Leek Winter Giant 3 is a high performing variety with thick medium length shafts with dark green erect foliage. Very good winter hardiness they can be harvested from the end of October right through to the middle of March
This extremely hardy leek will put up with blistering gales and frost without a pause. The solid, long white stems are exhibition quality with an outstanding flavour:
Harvest while young and tender early in the season, or leave them to bulk up as they'll stand well in the ground for you to harvest as you need them.
Preparing the soil:
If possible, prepare the soil for planting in the winter. Dig the site well, removing weeds and working in plenty of well-rotted manure to improve its ability to retain water. Leeks can be planted in heavy soil, but improve the drainage by mixing in some horticultural sand. This is a hungry crop – spread a general balanced fertiliser over the soil a week or so before sowing and rake in. A rate of 60g per square metre is ideal.
If you live where the autumns are long and cool and frost is rare, you can plant two crops. Sow the first crop 12 to 14 weeks before the last frost in spring.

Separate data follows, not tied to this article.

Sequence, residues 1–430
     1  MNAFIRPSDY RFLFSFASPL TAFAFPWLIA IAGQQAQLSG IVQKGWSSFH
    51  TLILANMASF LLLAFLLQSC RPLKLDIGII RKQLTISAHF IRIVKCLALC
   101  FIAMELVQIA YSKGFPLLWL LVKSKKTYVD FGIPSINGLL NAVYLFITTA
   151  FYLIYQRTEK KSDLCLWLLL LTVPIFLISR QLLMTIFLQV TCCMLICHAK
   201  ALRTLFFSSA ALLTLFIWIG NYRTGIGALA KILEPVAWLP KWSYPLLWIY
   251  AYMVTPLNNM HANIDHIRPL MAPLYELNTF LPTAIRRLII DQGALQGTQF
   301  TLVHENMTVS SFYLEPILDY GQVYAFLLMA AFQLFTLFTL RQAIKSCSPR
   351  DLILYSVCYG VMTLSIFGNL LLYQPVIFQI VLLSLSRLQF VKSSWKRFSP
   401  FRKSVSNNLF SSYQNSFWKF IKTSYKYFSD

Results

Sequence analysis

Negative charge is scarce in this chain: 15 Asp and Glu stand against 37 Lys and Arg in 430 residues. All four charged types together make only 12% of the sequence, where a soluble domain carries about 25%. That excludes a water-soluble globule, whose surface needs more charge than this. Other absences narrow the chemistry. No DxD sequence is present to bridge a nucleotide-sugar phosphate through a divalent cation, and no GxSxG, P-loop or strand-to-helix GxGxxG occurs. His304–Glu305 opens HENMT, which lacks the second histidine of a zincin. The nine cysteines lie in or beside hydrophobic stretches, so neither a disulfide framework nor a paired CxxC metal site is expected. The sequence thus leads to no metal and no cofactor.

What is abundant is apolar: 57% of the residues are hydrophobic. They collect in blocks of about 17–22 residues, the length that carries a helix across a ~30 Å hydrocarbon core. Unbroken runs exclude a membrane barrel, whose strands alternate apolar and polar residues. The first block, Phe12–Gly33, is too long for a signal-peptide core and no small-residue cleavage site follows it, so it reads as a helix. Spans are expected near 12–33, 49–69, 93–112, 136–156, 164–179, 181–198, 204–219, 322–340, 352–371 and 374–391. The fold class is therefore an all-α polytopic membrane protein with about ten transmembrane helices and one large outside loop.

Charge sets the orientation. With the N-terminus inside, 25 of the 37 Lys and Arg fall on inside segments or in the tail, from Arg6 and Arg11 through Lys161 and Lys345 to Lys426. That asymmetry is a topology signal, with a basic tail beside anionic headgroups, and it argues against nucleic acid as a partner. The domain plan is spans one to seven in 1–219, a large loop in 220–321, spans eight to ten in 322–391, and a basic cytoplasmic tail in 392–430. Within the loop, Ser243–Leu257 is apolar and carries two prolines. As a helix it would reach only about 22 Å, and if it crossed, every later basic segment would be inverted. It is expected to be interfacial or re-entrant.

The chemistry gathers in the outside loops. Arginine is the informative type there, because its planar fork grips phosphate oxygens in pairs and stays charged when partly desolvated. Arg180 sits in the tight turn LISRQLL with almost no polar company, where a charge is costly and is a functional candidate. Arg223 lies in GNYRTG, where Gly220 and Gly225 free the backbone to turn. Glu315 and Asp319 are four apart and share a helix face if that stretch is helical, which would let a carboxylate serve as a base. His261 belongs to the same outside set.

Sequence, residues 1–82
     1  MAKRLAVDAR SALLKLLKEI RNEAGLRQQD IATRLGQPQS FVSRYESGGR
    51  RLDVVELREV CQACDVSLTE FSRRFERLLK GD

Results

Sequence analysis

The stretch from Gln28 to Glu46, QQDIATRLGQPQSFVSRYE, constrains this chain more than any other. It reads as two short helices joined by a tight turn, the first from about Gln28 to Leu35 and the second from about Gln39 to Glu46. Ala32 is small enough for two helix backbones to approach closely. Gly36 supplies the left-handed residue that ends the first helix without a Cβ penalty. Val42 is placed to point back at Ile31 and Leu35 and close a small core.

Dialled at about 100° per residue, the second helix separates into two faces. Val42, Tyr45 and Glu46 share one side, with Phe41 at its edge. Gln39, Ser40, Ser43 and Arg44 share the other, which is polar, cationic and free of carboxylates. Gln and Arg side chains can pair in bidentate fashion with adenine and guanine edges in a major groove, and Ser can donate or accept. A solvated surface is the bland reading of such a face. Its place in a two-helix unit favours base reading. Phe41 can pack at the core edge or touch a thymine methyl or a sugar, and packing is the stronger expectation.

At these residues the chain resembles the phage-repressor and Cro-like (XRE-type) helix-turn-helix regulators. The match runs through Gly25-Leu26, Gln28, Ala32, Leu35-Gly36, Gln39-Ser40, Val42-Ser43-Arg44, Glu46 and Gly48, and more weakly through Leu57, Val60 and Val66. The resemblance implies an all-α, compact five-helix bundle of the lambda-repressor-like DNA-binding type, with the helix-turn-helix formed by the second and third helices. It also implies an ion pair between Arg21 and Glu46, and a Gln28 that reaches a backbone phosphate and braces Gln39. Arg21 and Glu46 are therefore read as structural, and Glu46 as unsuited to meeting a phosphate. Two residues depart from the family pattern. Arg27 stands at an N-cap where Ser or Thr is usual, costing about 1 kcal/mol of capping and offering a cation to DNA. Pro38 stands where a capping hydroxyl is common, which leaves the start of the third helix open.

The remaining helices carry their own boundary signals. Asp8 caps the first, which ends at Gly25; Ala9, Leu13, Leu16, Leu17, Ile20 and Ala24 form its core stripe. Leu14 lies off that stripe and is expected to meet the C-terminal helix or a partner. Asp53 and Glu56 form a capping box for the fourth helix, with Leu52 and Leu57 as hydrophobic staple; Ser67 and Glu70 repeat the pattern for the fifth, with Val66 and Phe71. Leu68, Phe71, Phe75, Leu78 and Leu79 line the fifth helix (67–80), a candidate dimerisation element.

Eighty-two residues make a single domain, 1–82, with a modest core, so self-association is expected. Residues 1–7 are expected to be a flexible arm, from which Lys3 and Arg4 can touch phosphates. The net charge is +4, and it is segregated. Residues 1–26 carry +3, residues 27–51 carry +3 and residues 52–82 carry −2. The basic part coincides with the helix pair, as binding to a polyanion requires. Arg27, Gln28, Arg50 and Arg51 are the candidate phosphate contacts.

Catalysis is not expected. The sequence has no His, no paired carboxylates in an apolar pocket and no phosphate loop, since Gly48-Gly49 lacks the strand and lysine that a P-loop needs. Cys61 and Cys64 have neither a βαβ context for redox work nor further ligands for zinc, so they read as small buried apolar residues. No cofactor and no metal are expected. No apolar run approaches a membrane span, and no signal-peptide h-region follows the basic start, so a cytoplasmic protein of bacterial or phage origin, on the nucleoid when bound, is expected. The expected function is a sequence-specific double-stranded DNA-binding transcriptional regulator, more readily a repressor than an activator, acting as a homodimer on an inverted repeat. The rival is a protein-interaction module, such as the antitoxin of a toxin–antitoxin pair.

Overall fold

In mid-July, sow the second crop indoors. If your area could experience frost during the winter, plant a frost-tolerant variety for your second sowing
Sow seeds indoors 12 to 14 weeks before the last frost date
Seeds can also be sown direct later but will give smaller plants
Sow the seeds thinly and evenly 6mm (1/4in) deep in moistened potting mix and cover them lightly with vermiculite or sand. Keep the soil temperature at about 70°F until the seeds germinate. Move the seedlings under grow lights or into a very bright window.
Thinning the seedlings will encourage more rapid growth, but it isn't necessary if you keep them well fertilized. When the grass-like seedlings get to be 15cm (6in) long, cut them back by 4cm (1½ to 2in) You can use the part you cut off as you would chives.
Harden off the plants before transplanting into the garden starting in late April or early May (the plants will tolerate light frost). You can also transplant later or sow seed directly outdoors for smaller plants.
Transplanting: When the seedlings are about the diameter of a pencil, they are ready to transplant outside. Planting deeply helps to blanch the stems. Use a dibber (or a rake handle - great for making perfect holes). and make holes 15cm (6in) deep and 22cm (9in) apart. Make the rows 38cm (15in) apart. Mark the row clearly so that, when weeding later you don’t remove plants by mistake.